Crack in the Neo-Darwinian Jericho Part II
by Duane Gish, Ph.D.
Ever since Darwin first put forth his theory, creation scientists have maintained that at best natural selection could only be a conservative force, weeding out the unfit, but would be powerless to generate increasing complexity and to originate something new or novel and thus powerless to change one kind of animal into another. Now some evolutionists are saying the same thing, asserting that natural selection has made no significant contribution at all to the general overall course of evolution. They are saying that there must be some other mechanism at work in evolution. This is outright heresy in the halls of Darwinism.
Thus, Stephen Jay Gould entitled his recent account of one of these schools of thought "A Threat to Darwinism."1 It should be understood that these investigators are unabashed evolutionists, but they are rejecting one of the basic tenets of Darwin and of the modern neo-Darwinian theory, the idea that natural selection is the main driving force of evolution. In his article Gould points out that a significant number of evolutionists are maintaining that most genetic variations (assumed by evolutionists to have arisen by mutations) that have become established are neutral and thus transparent to natural selection. That is (for example), when variants among protein molecules are compared with one another, many, and even most, seem to have no advantage or disadvantage when compared to the others. They are thus selectively neutral; they are transparent to natural selection. Natural selection then has nothing to do with the establishment of most genetic variations, it is asserted. These mutations have become established by random, accidental processes; for example, by "genetic drift." Thus a few individuals may be accidentally cut off somehow from the bulk of the population, carrying with them only a fraction of the total gene pool. The high degree of inbreeding within this small population then concentrates and enhances these genetic traits and a variant form of the species rapidly surfaces. "Neutralists," as advocates of this theory are called, believe that many repetitions of this process, along with continued mutations to replenish the gene pool, have been responsible for the evolutionary origin of all living things. "Selectionists" vigorously dispute this contention.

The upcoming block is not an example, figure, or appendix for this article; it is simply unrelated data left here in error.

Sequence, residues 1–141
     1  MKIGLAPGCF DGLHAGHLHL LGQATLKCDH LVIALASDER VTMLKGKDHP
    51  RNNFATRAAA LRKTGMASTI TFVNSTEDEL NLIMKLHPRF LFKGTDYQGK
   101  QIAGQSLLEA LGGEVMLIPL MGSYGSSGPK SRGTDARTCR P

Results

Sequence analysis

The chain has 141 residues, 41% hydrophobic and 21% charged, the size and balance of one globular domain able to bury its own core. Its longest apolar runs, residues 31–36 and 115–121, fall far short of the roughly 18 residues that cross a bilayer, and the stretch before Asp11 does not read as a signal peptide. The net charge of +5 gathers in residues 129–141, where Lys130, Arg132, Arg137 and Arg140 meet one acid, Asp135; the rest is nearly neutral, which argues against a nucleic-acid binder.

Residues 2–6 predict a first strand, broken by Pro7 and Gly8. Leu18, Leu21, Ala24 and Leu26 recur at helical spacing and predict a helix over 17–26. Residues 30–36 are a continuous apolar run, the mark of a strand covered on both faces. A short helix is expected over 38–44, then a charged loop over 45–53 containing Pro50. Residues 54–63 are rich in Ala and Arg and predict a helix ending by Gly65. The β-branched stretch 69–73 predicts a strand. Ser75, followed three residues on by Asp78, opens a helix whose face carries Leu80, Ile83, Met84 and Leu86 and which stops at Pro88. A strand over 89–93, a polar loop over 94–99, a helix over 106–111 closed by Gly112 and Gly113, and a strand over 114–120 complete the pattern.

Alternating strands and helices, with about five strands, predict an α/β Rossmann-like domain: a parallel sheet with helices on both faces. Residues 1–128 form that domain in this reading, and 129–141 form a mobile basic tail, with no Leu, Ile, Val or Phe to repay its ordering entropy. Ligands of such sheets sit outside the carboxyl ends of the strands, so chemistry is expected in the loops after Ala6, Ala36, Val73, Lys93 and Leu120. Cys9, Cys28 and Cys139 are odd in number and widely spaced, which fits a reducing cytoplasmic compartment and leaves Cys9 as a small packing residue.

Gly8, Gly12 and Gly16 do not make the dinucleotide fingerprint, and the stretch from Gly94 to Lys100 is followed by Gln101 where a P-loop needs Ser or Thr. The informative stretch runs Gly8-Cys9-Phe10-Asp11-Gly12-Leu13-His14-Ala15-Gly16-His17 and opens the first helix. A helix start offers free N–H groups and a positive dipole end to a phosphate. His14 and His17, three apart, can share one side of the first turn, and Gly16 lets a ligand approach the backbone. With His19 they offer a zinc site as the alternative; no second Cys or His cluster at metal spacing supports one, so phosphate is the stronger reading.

Creationists insist that at best such a process could only produce variants within an established kind and could never produce new and novel structures, and, furthermore, no random process, genetic drift, mutations or otherwise could produce millions of complex creatures from a single-celled organism in three billion years, or even in millions times three billion years.
A frontal attack on the neo-Darwinian selection theory by Steven M. Stanley appeared recently in the prestigious Proceedings of the National Academy of Science.2 Stanley maintains that "Gradual evolutionary change by natural selection operates so slowly within established species that it cannot account for the major features of evolution."3 Stanley is thoroughly impressed by the apparent sudden appearance (on a geological time scale) in great diversity of various types of animals citing, for example, the Cambrian "explosion" of a great variety of highly complex creatures; the "rapid evolutionary origin" of lungfishes (Dipnoi); and the sudden appearance, or "radiation," of the 32 orders of mammals. He maintains that the neo-Darwinian model of gradualistic change by natural selection cannot account for such rapid origins.